Unfortunately, not many places do Riesling as well as (or at least in the same full-and-ripe-but-dry style as) Austria, and German examples are typically lighter, gentler and have a hint (sometimes more) of residual sugar.
That is not always the case, however, and on a driving holiday in the Mosel a while ago, I found some excellent examples from Kirchengut Wolf.
This Klein Riesling is in much the same style as the Wolf wines, but comes from the Pfalz, further south than the Mosel where the wines tend to be fuller and fleshier. It is the first of a mixed case from Naked Wines and is completely dry ("trocken" on the label).
The Pfalz - or Palatinate - is the sunniest and driest of Germany's wine regions, although not actually the furthest south. It sits in the lee of the the Haardt Mountains, a continuation of Alsace's Vosges Mountains where vines have been cultivated since the first century AD.
Weingut Gerhard Klein is situated on the picturesquely-named Weinstrasse (wine street) in Hainfeld, not far from Cambridge's twin city of Heidelberg and has a tradition of wine-making going back 350 years. This Riesling, however, is thoroughly, thrillingly modern and in touch with the zeitgeist for racy, unoaked whites.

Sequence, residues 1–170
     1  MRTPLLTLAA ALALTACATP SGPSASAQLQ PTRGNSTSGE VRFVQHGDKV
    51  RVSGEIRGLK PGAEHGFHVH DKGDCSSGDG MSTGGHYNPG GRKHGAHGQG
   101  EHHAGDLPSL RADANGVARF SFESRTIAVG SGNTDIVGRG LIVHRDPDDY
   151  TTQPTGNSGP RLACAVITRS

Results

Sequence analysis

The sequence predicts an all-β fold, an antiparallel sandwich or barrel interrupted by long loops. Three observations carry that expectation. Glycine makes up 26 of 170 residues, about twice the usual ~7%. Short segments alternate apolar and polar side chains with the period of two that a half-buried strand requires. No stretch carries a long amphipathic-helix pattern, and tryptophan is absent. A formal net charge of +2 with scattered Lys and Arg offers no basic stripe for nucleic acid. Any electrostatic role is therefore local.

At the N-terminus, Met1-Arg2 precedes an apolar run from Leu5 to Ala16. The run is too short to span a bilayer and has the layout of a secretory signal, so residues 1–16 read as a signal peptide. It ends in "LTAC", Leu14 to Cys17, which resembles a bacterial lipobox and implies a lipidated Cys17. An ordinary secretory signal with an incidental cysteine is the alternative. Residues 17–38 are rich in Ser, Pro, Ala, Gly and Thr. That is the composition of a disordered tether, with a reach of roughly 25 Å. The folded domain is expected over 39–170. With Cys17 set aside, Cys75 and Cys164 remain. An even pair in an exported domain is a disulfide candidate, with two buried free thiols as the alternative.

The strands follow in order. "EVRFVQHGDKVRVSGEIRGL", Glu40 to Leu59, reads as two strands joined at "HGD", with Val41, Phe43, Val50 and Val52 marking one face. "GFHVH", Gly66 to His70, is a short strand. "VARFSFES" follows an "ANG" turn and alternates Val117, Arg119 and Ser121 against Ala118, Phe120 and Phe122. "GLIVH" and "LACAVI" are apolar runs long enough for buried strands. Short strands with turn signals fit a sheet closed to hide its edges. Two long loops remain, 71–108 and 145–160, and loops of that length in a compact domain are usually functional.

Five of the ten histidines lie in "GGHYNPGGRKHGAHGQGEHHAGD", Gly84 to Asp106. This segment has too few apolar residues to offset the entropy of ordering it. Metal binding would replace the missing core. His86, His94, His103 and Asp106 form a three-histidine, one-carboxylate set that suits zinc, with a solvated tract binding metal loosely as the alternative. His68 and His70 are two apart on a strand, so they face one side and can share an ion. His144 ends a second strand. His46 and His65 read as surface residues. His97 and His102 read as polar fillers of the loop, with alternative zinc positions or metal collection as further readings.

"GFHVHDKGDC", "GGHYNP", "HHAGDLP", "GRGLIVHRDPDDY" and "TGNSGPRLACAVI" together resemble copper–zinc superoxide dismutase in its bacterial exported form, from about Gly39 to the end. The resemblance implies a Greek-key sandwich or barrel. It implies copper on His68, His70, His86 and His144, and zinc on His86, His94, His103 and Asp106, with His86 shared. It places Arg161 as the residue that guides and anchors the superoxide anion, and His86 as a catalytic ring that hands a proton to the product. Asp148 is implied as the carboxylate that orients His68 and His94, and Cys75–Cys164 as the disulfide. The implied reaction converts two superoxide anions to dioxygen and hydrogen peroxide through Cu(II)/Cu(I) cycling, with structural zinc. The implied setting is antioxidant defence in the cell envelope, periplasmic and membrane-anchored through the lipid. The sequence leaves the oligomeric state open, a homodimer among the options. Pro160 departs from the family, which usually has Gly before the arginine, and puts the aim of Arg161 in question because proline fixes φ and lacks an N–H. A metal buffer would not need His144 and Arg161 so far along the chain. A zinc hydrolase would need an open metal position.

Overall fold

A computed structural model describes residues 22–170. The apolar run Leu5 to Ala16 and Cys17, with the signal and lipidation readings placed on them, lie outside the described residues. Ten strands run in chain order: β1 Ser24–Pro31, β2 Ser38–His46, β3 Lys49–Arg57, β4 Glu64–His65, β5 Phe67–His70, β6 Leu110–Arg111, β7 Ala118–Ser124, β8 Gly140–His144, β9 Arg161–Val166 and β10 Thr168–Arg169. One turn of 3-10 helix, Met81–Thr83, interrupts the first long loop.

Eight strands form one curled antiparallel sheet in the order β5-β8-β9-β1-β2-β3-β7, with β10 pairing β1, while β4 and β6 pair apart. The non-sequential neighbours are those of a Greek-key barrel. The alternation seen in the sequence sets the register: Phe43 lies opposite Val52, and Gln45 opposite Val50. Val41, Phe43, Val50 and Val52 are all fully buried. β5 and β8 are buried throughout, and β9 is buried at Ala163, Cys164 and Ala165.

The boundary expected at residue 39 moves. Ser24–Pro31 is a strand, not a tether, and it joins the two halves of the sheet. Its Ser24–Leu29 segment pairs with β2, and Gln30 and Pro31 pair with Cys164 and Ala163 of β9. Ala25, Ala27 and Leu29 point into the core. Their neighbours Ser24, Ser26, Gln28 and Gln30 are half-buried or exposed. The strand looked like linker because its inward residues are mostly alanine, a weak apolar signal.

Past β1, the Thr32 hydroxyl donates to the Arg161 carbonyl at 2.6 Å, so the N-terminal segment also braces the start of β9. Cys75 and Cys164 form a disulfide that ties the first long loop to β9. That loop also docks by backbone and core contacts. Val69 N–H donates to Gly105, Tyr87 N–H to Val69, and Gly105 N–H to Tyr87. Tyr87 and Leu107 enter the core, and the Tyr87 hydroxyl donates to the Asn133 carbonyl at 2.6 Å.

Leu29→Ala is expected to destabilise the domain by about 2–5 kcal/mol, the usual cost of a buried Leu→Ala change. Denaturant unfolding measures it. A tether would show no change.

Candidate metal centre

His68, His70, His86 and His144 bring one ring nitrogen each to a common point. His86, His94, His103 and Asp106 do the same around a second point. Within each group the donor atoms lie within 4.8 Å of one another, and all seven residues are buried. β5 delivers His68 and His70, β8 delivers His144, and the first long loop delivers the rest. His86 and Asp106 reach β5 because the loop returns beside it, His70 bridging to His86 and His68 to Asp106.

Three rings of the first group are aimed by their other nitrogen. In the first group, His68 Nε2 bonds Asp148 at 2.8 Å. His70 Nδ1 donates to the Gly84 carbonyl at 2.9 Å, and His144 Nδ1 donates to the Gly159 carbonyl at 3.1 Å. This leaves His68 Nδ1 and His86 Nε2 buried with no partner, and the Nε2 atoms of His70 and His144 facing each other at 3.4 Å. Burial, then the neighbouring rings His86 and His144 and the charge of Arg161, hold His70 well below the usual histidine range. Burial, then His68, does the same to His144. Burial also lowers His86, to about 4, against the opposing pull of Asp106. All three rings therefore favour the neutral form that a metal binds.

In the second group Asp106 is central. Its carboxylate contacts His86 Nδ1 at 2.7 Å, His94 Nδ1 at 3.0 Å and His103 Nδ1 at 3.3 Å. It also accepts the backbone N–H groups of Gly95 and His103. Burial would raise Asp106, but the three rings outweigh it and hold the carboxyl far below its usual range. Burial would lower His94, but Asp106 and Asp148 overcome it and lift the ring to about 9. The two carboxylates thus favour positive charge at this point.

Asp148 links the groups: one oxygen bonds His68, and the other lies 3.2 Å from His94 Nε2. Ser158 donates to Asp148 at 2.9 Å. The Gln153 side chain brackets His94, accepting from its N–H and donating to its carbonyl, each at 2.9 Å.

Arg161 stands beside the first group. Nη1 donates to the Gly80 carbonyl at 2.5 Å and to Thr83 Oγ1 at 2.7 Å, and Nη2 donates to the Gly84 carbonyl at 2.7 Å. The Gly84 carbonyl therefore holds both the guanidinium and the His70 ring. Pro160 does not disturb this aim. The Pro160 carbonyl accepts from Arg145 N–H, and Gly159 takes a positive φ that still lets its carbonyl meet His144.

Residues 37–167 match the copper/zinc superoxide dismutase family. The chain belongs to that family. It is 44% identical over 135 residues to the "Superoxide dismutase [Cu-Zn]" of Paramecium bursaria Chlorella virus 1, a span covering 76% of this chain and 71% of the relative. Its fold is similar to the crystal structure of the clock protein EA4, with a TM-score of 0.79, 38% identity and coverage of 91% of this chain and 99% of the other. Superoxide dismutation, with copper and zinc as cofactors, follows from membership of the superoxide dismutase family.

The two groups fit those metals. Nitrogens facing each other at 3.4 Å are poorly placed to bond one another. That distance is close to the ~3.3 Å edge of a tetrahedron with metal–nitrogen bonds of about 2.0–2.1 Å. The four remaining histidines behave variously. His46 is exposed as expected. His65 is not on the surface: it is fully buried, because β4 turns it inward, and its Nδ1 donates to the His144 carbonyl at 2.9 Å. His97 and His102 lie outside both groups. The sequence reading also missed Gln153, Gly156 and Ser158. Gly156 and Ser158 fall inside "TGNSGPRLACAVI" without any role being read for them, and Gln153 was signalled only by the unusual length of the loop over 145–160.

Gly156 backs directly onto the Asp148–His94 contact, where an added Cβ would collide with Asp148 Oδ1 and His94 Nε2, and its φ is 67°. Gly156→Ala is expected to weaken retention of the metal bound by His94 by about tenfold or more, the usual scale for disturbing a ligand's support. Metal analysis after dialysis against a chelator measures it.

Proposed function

|Focused and precise yet smooth|
- a BMW M5 engine
With a long, crisp-yet minerally finish, this is very classy, sophisticated and extremely food friendly; potential matches include meaty or oily fish (tuna, mackerel or salmon), well-seasoned roast white meats (pork or chicken) and almost anything with a buttery or creamy sauce, as well as soft and pungent cheeses.
German Wine Regions:
4. Hessische Bergstraße
According to the Naked Wines website, winemaker Peter Klein won the second place in Germany's Young Winemaker of the Year competition 2009. After tasting this, I'm not surprised.
£9.99 / £6.66 for Angels - provided for review.
Naked Wines - http://www.nakedwines.com/
Weingut Klein - http://www.weingut-gerhard-klein.de/
Pfalzwein official site (English) - http://www.pfalz.de/en/